Where the ‘why’ is resolvable or is linked to a protected characteristic (e.g. disability making it difficult for an employee to complete certain tasks) an employer would be expected to consider this reason when deciding on an appropriate sanction and/or when setting targets aimed at improvement (such as adjusting targets). An employer may be expected to signpost employees to particular services that may assist them in overcoming the reason for their poor performance (e.g. counselling services for personal matters impacting performance).

 

Addressing the ‘what’ 

An employer that disciplines an employee for poor performance without considering underlying reasons effecting performance may risk a finding of unfair dismissal if that employee is eventually dismissed.

It is for the employer to establish the reason or principal reason for dismissal in any unfair dismissal claim. Lack of clear evidence showing the employer considered whether other factors could have led to the poor performance is likely to prevent the employer demonstrating capability as a reason for dismissal.

The law requires an employer to follow a fair procedure in managing poor performance. A ‘fair procedure’ will undoubtedly include consideration of external factors affecting performance and the provision of reasonable assistance in resolving such issues if it is in the employer’s power to do so.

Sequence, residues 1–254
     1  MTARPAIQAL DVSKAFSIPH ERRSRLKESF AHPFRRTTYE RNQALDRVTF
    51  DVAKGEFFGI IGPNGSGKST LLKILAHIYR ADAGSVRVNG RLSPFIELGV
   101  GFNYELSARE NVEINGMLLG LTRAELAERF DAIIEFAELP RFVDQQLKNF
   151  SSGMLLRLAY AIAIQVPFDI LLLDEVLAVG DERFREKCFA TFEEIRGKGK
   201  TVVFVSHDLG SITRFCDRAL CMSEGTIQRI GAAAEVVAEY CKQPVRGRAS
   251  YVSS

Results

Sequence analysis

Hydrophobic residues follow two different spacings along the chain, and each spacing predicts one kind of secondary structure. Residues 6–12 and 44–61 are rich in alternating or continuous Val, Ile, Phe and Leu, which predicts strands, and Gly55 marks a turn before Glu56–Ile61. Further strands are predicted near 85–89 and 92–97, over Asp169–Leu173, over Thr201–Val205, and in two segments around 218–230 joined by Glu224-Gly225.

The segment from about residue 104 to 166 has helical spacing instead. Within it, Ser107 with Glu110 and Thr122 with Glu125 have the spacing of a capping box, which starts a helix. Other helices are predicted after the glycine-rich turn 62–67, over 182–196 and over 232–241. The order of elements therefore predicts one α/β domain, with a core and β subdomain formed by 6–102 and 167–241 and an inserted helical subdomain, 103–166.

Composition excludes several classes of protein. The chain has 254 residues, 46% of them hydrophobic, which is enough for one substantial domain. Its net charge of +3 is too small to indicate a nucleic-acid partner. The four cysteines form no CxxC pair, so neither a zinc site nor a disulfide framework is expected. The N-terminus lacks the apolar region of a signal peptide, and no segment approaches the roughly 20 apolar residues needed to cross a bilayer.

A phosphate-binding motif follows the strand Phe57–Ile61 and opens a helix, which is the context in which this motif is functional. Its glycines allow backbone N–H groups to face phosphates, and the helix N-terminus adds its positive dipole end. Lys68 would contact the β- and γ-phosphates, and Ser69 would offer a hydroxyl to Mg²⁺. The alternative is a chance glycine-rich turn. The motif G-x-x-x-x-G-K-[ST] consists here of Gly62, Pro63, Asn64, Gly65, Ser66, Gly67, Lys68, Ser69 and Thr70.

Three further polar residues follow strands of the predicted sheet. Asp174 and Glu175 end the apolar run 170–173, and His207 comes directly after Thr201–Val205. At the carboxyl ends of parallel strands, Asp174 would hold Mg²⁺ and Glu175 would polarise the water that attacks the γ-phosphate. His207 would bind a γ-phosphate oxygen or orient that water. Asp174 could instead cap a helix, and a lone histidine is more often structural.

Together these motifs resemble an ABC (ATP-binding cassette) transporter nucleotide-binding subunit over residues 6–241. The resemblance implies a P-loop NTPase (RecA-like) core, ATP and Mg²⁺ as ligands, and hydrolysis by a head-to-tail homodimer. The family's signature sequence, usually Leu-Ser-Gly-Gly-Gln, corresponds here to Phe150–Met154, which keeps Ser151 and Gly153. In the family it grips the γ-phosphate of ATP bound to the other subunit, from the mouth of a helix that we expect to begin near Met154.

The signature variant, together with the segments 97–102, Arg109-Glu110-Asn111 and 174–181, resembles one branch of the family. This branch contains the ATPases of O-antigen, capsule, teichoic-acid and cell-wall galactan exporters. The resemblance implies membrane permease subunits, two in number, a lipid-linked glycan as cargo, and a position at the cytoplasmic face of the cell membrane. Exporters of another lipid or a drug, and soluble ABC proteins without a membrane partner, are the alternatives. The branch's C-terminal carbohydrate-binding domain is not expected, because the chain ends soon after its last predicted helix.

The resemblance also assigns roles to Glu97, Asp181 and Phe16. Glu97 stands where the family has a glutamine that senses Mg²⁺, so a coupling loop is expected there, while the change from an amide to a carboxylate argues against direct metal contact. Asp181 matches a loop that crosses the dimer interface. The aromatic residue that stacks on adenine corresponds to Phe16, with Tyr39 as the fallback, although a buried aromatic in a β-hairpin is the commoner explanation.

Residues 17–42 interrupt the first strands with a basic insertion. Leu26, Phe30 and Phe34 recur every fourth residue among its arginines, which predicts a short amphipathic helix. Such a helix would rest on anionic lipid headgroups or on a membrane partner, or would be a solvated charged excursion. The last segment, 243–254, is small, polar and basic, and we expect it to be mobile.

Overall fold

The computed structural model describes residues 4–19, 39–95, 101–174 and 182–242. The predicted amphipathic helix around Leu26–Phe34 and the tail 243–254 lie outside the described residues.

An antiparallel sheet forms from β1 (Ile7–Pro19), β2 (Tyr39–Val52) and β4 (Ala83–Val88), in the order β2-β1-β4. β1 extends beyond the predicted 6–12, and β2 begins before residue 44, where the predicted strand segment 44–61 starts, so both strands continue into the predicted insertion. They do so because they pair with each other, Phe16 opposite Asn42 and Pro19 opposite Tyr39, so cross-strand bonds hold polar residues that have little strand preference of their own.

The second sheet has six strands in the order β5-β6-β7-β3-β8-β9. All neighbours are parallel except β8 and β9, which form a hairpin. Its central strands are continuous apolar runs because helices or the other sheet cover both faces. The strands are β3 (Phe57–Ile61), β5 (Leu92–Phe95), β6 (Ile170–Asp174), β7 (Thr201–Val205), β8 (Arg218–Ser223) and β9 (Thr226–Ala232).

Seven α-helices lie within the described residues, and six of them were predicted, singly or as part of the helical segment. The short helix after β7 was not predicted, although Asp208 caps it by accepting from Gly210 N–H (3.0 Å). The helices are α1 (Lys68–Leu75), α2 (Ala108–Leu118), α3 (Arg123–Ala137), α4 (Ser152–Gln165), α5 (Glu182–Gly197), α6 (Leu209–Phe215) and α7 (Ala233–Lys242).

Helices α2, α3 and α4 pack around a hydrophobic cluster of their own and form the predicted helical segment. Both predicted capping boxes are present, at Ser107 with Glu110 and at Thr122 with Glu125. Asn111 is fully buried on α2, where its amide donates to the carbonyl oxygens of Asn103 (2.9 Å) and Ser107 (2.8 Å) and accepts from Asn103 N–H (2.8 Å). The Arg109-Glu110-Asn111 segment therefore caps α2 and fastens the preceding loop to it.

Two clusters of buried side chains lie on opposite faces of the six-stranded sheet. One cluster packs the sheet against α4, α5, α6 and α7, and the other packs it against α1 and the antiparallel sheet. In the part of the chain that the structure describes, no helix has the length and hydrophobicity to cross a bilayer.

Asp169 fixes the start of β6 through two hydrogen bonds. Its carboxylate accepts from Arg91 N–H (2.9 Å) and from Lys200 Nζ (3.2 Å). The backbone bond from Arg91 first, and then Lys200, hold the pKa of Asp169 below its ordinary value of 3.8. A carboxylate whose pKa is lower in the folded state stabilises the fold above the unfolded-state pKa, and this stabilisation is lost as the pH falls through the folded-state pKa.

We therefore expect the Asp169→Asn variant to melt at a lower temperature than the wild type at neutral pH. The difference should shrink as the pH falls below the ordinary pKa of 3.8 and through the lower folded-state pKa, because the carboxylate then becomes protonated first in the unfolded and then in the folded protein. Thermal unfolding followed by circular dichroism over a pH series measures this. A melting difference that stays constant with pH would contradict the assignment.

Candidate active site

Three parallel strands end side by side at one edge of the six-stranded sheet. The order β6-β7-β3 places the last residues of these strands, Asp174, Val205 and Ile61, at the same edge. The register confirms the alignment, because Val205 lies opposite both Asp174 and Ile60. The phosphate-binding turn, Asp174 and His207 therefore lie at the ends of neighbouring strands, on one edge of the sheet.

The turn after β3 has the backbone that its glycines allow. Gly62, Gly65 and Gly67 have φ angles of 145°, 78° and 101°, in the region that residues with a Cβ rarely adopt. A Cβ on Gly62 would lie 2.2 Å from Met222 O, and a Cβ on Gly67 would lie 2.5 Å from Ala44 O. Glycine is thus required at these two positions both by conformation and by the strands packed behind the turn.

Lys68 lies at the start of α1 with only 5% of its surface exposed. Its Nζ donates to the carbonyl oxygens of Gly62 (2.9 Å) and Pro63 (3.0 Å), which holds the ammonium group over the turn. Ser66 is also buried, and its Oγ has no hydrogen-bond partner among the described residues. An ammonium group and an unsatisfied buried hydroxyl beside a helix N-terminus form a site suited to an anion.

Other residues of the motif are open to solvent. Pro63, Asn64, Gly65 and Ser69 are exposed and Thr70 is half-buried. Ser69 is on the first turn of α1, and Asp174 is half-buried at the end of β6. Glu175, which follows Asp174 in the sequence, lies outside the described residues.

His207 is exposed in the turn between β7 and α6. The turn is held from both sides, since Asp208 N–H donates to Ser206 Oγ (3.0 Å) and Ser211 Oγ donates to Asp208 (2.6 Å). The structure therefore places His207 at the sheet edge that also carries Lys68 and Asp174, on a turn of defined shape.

...consider ways in which parties can work together to improve performance to an acceptable level

 

Example 

Rosemary has worked for Thyme Payroll Ltd for thirteen years as an administrator. For the past six months her performance has become more and more erratic, her letters are illegible and her interactions with colleagues and clients has become hostile. 

Focus on the ‘what’ – Thyme disciplines Rosemary for poor performance; she has worked for the company for long enough to know better. 

Rosemary is invited to a capability meeting where she is given a final written warning with the threat of dismissal if her performance does not improve.

Focus on the ‘why’ – On the basis Rosemary’s performance is out of character, an informal meeting is arranged between Rosemary and her manager, Basil. At this meeting Basil provides Rosemary with examples of errors in her work and asks for her to comment.